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It's Talk Like a Pirate Day a few days early on the set of NCIS, at least for one guest actor who is waving a gun in the faces of a handful of hostages aboard a ship that has been commandeered in international waters. Among the captives is one Leroy Jethro Gibbs, taken by surprise while investigating what had looked to be an empty vessel. There's just enough of an echo of Captain Phillips in this scenario that you can picture the pirate in question suddenly declaring, "I'm the special agent now." Instead, the hijacker is ...
It's Talk Like a Pirate Day a few days early on the set of NCIS, at least for one guest actor who is waving a gun in the faces of a handful of hostages aboard a ship that has been commandeered in international waters. Among the captives is one Leroy Jethro Gibbs, taken by surprise while investigating what had looked to be an empty vessel. There's just enough of an echo of Captain Phillips in this scenario that you can picture the pirate in question suddenly declaring, "I'm the special agent now."
Instead, the hijacker is on the phone with Michael Weatherly and recurring guest star Diane Neal...or he will be, when the episode airs Oct. 21, at which point editors will have cut in footage of those two arguing on the other end of the line about who's in charge of the negotiation. Whatever they are or will be saying, the pirate is not impressed, because he barks, "I don't need a boat. This isn't a negotiation; it's a demand! Blood's on your hands now." He grabs a woman to take up top and presumably execute, then gives his knee to the groin of a fellow hostage who tries to object. "You want to take her place?" That poor guy doesn't, but there is some greater gallantry down the row. "I do," says Gibbs, quietly offering himself in the woman's stead while staring down the barrel of a trembling semiautomatic.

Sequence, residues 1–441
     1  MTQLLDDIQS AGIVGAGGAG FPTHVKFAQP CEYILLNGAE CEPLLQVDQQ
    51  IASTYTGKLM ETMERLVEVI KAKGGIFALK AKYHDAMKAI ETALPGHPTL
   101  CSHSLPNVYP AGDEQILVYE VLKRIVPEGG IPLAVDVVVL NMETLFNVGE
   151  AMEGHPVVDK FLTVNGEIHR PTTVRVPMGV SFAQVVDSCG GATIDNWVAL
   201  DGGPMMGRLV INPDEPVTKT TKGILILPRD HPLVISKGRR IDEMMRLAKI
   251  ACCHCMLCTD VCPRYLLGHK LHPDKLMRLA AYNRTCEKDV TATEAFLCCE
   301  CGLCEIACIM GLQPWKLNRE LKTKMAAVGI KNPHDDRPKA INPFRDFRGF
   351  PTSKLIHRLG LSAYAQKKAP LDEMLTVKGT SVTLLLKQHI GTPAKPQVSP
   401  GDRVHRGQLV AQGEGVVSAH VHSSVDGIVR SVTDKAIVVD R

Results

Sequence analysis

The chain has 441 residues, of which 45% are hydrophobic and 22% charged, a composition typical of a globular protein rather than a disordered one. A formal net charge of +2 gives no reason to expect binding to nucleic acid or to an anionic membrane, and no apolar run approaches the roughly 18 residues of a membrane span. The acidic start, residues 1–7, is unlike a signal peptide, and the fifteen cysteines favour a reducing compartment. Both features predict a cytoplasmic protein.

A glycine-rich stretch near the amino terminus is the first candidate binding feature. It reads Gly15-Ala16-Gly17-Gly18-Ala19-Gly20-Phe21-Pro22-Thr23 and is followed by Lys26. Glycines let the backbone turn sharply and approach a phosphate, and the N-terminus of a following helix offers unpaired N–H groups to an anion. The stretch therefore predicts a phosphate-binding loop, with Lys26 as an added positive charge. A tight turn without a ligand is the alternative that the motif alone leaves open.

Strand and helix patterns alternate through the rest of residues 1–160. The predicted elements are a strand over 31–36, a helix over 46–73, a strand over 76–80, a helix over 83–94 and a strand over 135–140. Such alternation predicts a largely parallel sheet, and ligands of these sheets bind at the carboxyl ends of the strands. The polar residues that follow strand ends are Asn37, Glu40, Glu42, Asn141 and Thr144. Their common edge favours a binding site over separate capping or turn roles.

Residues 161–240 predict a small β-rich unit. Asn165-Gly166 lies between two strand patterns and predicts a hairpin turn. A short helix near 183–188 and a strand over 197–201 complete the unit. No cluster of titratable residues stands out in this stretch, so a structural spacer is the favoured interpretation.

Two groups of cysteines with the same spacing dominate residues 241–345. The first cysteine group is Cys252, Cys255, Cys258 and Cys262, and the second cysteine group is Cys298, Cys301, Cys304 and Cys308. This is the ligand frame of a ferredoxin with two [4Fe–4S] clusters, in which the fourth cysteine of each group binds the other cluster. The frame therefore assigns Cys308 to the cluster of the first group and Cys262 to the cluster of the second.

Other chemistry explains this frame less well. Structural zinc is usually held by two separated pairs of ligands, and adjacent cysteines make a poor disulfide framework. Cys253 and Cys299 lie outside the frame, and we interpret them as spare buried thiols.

These are Mark Harmon's only two words of dialogue in the entire scene, so, along with the baffled pirate, you study his poker face for hints of what TV's favorite strong-and-silent-type is up to with this seemingly sacrificial bid: Does he have a plan to overtake his captor?
A plan to improvise a plan? Does that noncommittal look in his eyes signify a sniper's cocky nonchalance, a captive's hidden nerves, or some unknowable Gibbsian combination of all of the above? You can't help but want to look deeper into the actor's baby blues to guess whether he's in control or worriedly winging it.
Maybe it speaks volumes about how eager we are for something that defies our chatfest-fueled times that the principal character on TV's highest-rated drama is defined more by his warm but often inscrutable gaze than anything resembling a gift for gab. On a show otherwise populated by garrulous regulars, Gibbs is a "functional mute," as Weatherly has kidded. If Harmon were being paid by the word, you might even consider him the best-remunerated actor in history.